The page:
Thick, creamy, and completely irresistible. This salted caramel sauce is absolutely everything. Perfect for ice cream, brownies, or even just eating by the spoonful.
You want to hear something crazy?
My daughter doesn’t like caramel.
That’s right. My daughter. As in the child I have known since long before she was born and have raised single handed for seven years does not like caramel. I just can’t even.
I make caramel pretty often in my house. It’s about as common in the pantry as peanut butter and jelly (the bourbon caramel sauce is a personal favorite) and yet, she would never touch the stuff with a 10-foot pole for as long as I’ve known her.
It just doesn’t make sense. Caramel sauce…. salted caramel sauce… is everything. It’s creamy, sweet, slightly salty, and wonderfully complex when brought to just the perfect amber color. In a word: bliss.
Getting the perfect caramel sauce is easier than you may think. All it takes is a bit of patience.
There are two main methods of making salted caramel sauce. Dry and wet.
The dry method starts with sugar cooked down until it melts down and begins to caramelize. It works well, but can be testy. The sugar burns and crystallizes more easily than the wet method.
With the wet method, you add sugar to your saucepan along with the sugar which helps the sugar reach temperatures more stably minimizing the risks of burning and crystallization.
Another tip is to make sure you don’t swirl the pan once the sugar begins bubbling. It increases the chances of sugar crystals forming or the final caramel becoming grainy. I also highly recommend using a pastry brush dipped in water to brush the sides of the saucepan. This helps remelt and sugar crystals that cling to the sides of the pan which also helps reduce the chance of crystals.
You also want to use a thick-bottomed saucepan that is metal or generally light enough in color so that you can see the color of the sugar. If it’s too light, it won’t have the depth of flavor you want. If the caramel is too dark or burnt, it will be too bitter to enjoy.
You also want to be sure you are using the right size saucepan. It should be big enough to handle the caramel bubbling, but not too wide that the caramel starts to caramelize too fast. It should be about 2 – 4 quarts big.
When adding the cream, make sure the cream is at least room temperature, preferably steaming. This helps prevent the sugar from seizing. Seizing isn’t the worst thing that can happen, but anything helps. If it does seize, just keep whisking until everything mixes into a smooth consistency again.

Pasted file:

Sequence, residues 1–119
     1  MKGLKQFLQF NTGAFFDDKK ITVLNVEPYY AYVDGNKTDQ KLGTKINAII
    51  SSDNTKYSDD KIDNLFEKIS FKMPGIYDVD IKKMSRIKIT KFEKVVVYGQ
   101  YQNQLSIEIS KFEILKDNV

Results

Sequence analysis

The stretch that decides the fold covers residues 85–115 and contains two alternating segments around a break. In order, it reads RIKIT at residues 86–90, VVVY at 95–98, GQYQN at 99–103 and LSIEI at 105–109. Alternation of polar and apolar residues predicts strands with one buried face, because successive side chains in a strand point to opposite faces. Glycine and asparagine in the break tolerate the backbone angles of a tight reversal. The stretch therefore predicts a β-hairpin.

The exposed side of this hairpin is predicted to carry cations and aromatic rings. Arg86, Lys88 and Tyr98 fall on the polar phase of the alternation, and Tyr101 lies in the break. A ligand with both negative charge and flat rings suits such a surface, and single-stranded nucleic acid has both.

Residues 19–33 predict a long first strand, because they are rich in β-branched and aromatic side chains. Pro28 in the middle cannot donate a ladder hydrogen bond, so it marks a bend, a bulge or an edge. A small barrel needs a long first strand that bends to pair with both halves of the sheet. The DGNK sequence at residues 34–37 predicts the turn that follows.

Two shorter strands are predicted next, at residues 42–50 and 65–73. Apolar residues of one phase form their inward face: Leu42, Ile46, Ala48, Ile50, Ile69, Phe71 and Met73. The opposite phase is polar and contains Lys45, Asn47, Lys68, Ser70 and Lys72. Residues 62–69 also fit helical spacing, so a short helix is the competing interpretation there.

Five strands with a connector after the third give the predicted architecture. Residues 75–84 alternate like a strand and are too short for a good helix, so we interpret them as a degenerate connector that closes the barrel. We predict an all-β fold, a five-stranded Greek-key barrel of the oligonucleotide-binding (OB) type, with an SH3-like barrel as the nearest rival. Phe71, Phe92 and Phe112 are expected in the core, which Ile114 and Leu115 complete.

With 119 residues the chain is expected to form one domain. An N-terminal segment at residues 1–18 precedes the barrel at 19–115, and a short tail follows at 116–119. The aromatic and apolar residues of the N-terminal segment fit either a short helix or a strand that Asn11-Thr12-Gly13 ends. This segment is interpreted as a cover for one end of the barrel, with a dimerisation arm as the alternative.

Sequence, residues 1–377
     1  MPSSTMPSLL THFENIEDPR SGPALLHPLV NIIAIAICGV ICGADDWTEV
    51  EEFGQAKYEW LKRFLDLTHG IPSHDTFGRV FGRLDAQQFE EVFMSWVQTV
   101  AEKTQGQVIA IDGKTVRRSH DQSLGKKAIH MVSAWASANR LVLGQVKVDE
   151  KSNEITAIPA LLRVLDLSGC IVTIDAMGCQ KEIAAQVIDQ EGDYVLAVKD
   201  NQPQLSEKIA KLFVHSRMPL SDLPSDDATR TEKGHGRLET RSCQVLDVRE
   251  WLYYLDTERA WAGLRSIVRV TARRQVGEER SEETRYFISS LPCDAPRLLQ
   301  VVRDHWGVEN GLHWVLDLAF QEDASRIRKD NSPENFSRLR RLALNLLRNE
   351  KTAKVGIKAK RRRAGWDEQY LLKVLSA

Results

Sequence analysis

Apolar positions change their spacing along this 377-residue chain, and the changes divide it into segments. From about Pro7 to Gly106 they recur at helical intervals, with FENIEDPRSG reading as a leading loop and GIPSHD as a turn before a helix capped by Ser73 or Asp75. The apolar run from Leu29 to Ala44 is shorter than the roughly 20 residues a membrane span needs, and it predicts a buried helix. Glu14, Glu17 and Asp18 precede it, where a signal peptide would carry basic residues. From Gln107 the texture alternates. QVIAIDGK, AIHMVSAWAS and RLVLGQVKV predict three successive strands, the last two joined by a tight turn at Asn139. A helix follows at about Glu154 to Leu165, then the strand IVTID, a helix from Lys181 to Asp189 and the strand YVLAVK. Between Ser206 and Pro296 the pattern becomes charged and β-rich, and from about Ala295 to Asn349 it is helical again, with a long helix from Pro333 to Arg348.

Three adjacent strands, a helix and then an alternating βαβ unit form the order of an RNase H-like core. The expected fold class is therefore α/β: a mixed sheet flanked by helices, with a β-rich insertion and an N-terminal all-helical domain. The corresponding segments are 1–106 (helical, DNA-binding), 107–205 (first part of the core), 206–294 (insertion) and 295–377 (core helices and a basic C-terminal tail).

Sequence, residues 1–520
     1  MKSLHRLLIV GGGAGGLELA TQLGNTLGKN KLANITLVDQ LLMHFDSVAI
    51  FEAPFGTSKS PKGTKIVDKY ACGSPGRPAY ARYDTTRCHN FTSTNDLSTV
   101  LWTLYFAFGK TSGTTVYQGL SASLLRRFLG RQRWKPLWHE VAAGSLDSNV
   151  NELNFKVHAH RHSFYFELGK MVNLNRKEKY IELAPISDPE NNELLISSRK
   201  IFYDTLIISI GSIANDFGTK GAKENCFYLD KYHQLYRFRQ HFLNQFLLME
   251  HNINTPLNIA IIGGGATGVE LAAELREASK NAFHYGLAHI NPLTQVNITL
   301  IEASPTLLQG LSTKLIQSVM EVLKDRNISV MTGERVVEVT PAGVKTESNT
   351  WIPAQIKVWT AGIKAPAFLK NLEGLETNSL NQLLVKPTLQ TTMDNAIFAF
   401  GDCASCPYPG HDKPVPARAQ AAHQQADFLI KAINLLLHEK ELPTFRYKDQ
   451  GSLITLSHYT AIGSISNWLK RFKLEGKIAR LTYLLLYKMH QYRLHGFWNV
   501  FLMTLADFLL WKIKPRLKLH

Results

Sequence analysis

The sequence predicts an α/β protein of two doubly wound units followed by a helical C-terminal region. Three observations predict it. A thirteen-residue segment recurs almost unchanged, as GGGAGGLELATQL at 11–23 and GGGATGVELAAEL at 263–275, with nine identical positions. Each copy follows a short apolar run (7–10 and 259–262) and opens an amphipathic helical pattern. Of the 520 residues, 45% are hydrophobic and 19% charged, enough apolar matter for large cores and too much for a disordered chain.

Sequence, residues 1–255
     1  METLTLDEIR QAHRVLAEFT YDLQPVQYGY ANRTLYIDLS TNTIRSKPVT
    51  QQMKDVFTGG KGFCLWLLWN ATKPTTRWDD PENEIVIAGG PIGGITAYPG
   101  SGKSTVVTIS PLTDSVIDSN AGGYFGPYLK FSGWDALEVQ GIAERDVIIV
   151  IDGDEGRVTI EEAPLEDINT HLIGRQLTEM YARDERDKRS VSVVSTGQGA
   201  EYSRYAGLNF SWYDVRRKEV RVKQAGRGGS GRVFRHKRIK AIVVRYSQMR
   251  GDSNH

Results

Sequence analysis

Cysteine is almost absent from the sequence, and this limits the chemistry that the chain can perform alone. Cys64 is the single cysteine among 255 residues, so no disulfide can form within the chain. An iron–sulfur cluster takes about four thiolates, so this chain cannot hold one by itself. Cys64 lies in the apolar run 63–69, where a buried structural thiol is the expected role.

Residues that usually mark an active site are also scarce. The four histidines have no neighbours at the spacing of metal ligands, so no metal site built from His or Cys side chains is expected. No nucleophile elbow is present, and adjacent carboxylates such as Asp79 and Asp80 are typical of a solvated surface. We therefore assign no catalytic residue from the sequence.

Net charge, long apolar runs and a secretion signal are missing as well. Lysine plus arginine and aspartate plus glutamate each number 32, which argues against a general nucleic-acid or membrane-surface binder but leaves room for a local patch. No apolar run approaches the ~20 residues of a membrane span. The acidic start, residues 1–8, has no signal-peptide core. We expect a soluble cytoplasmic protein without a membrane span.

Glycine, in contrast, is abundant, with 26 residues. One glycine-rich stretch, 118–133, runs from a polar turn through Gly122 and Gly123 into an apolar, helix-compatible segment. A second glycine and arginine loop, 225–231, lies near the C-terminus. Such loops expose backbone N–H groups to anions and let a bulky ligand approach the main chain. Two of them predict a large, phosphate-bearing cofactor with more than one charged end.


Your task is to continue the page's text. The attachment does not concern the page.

How to Make Your Salted Caramel Sauce Thinner or Thicker
Sometimes the end product is not the exact consistency you need for a particular baking project. Fortunately, it’s pretty easy to change it up as needed.
The first thing you need to do is wait until your salted caramel sauce is fully cooled. The sauce thickens as it cools, so you won’t know the final thickness of the sauce until then.
To thin your salted caramel sauce, I recommend adding more heavy cream one or two tablespoons at a time. Go slow because if it becomes too thin it will end up becoming an annoying task to go back, thicken the sauce, and see if it needs to be thinned out some more (again). If your salted caramel is a great consistency when it is warm or room temperature, but is too thick when refrigerated, you can just reheat the caramel sauce in the microwave for 30 second intervals, stirring between each interval until it is warmed through.
My trick for a really thick, creamy salted caramel sauce is to cook it a bit longer after you’ve added the butter and cream. Cooking it for another 5 – 10 minutes thickens the sauce until it is the most velvet consistency ever. Trust me on this one. The longer it cooks, the thicker it will become, up to the point where you can easy use it to fill macarons or use as a filling between layers of cake.
How to Use Salted Caramel Sauce
The uses for salted caramel sauce are pretty endless. As mentioned before, you can use it as a filling to macarons, cakes, or other cookies. Swirl into ice cream or milkshakes. Make caramel apples, or just stir it into your apples for a salted caramel apple pie. You can try an apple pie pavlova or drizzle it over your banana bread or pumpkin bread. Or, you know, you can eat it by the spoonful. If you store it in a mason or jam jar, they also make great gifts for the holidays. With a good salted caramel sauce recipe under your belt, there is very little you can’t do.
- 1 3/4 cups granulated sugar
- 1/2 cup water
- 1/2 cup unsalted butter
- 1 cup heavy cream
- 1 teaspoon vanilla extract
- 1 - 1 1/2 teaspoons kosher salt
In a heavy-bottomed saucepan, add the sugar in a large mound, then add the water. Do not mix.
Heat the sugar on medium until it begins to dissolve in the water and continue to cook undisturbed until the sugar begins to turn to a deep amber color.As the sugar cook, use a wet pastry brush to clean the sides of the saucepan.
Add the butter and heavy cream as soon as the caramel reaches that amber color. Be careful as the mixture will bubble a lot. Stir until well combined.
Continue to cook for an additional 5 - 10 minutes for the sauce to thicken.
Stir in the vanilla extract and salt.
Allow to cool to room temperature before using.
Serving Size:2 tablespoons
Amount Per Serving:Calories: 186